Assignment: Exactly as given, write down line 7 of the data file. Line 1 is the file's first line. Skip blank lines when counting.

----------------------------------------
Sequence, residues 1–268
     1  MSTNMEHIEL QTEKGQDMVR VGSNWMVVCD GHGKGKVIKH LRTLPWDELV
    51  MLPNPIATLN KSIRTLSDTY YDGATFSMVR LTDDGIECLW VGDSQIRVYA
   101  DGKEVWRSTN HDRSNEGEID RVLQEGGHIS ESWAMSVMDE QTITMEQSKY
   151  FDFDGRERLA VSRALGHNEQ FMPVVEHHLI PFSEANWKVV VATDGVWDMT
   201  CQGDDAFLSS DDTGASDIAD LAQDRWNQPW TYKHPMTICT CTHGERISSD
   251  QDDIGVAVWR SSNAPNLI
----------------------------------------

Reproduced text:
   251  QDDIGVAVWR SSNAPNLI